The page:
The Pentagon acknowledged on Monday that two former members of the military team handling prosecutions of terror suspects at Guantanamo Bay, Cuba, alleged last year that the trial system was rigged in favor of the government.
Officials said the prosecutors' claims of ethical lapses and potential criminal acts had been reviewed and dismissed as unfounded. Pentagon spokesman Lawrence Di Rita said an investigation determined they were "much ado about nothing."
Clearly the concerns raised by [Preston and Carr] confirm what we've been saying from the beginning: [the Pentagon] rigged the system to render the result the Bush administration wants, which is conviction of these first accused, at any cost."
Anthony D. Romero, executive director of the ACLU
In a later written statement, the Pentagon said an "operational assessment" of the chief prosecutor's office undertaken in response to the allegations recommended a restructuring, including unspecified personnel changes.
The allegations by Air Force Maj. John Carr, who was then a captain, and Air Force Maj. Robert Preston were first reported by The Wall Street Journal and The New York Times on Monday. Both newspapers quoted from March 2004 internal e-mails written by Carr and Preston that detailed the allegations.
Copies of the e-mails, as well as an electronic message written by then-chief prosecutor Army Col. Fred Borch, were provided to The Associated Press by the American Civil Liberties Union and authenticated by a Pentagon official.
Among other charges, Carr and Preston alleged that the office of the chief prosecutor had deliberately misled senior civilian Pentagon officials about the quality of evidence against the initial defendants and that inadequate efforts had been made by the prosecutor's office to ensure full and fair trials.
Di Rita, senior spokesman for Defense Secretary Donald H. Rumsfeld, said the allegations were thoroughly investigated by the Defense Department inspector general.
"The allegations were serious and the issue is a serious one. The inspector general concluded that it was much ado about nothing, that the individuals that had made the allegations couldn't substantiate their allegations, and everybody moved on. That matter was thoroughly vetted, and it's closed," Di Rita said.
In an e-mail note to his staff, Borch said the allegations against him by Carr and Preston were "monstrous lies."
"I am convinced to the depth of my soul that all of us on the prosecution team are truly dedicated to the mission of the Office of Military Commissions and that no one on the team has anything but the highest ethical principles," Borch wrote.
Preston and Carr, who have since left that office, accused fellow prosecutors of ignoring torture allegations, failing to protect evidence that could help defendants establish a defense and withholding information from superiors.
Carr asserted that the chief prosecutor had told subordinates that the members of the military commission that would try the first four defendants would be "handpicked" to ensure that all would be convicted.
Carr also said in his message that he had been told that any information that could help the defendants would probably exist only in the 10 percent of documents being withheld by the CIA for security reasons.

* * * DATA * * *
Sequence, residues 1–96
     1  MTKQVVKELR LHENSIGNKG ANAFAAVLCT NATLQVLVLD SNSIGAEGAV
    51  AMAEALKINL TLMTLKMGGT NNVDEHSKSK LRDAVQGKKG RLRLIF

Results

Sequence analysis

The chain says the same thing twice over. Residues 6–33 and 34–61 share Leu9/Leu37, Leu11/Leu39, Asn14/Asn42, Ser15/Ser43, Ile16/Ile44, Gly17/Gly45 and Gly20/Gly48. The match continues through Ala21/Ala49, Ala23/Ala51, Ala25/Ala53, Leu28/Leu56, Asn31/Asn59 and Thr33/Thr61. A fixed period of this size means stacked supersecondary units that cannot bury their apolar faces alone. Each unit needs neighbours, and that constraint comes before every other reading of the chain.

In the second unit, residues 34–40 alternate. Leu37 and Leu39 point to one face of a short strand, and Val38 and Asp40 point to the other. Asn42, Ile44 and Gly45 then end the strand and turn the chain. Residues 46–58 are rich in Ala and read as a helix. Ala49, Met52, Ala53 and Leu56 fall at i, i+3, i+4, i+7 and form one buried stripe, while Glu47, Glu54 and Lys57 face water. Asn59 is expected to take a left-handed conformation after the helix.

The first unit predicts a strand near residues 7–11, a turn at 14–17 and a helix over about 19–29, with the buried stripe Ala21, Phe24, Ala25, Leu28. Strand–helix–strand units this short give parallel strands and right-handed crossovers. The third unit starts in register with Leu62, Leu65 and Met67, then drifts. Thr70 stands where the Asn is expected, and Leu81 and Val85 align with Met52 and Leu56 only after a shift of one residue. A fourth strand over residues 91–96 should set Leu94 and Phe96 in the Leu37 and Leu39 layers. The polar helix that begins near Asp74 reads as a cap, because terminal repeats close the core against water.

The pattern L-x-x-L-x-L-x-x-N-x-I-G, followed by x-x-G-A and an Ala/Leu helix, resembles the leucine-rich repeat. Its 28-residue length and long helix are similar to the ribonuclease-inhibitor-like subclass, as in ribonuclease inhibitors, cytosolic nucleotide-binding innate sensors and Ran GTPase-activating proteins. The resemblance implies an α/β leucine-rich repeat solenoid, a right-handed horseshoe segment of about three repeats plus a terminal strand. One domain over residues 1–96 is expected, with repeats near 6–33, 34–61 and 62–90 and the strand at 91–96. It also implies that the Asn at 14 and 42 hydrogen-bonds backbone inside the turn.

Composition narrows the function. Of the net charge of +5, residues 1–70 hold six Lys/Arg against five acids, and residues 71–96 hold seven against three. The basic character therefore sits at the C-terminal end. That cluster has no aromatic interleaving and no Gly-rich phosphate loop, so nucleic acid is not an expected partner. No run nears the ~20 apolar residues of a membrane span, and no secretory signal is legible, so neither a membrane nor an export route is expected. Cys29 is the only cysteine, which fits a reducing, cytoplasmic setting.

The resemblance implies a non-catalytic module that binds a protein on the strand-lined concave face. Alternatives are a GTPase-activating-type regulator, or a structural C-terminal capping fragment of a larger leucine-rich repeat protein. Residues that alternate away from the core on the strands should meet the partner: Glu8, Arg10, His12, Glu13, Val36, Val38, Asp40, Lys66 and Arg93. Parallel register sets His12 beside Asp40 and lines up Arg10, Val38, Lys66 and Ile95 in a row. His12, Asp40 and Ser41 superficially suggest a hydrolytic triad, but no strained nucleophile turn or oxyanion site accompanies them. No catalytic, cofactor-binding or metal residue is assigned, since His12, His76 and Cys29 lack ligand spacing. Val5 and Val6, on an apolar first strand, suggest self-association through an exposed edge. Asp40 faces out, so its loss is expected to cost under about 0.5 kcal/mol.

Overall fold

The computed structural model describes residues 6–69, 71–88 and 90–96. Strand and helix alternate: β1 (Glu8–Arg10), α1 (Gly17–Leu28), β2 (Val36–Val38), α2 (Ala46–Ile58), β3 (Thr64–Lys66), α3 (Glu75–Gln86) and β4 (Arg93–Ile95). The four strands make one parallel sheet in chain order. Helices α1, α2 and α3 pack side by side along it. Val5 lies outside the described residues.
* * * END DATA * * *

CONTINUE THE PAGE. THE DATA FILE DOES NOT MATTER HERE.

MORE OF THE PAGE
The ACLU, which has criticized the military trial system, said the Carr and Preston allegations were further evidence that the Pentagon should scrap the system and instead try the alleged terrorists under the Uniform Code of Military Justice, which provides fuller protection for the rights of the accused.
"Clearly the concerns raised by these two confirm what we've been saying from the beginning: (the Pentagon) rigged the system to render the result the Bush administration wants, which is conviction of these first accused, at any cost," said Anthony D. Romero, executive director of the ACLU.
The Pentagon-appointed lawyer for David Hicks, an Australian who is one of four Guantanamo Bay detainees whose cases were the first to go to trial, was quoted by Australian Broadcasting Corp. radio on Monday as saying the Australian government should withdraw its support for the trials, based on the Carr and Preston allegations.
"When you look at the system and how it is operating and you look at the information that has just come out, I would hope that they would say enough's enough," the lawyer, Maj. Michael Mori, was quoted as saying.
Australian Attorney General Philip Ruddock said he had not heard of the allegations until Monday.
"I will look into those issues," Ruddock told reporters in Canberra. "The Americans have dealt with some of those matters and said they lacked veracity. I'll have (a) look at it and see whether I want to say the same thing at this stage, I can't."
Di Rita, the Rumsfeld spokesman, told reporters at the Pentagon that although the inspector general found the Carr and Preston allegations to be without merit, the Pentagon was looking at possible changes to the trial system.
"We're looking we're always looking to see if there are modifications that might be needed to the procedures" before the trials resume, Di Rita said. They were halted last November when a federal court ruled that the procedures violated due process and U.S. government obligations under the Geneva Conventions.
In July, a three-judge federal appeals court panel reversed the lower court ruling, saying the proceedings were lawful. The Pentagon has not said how soon it intends to resume the trials.
Pentagon information on military trials.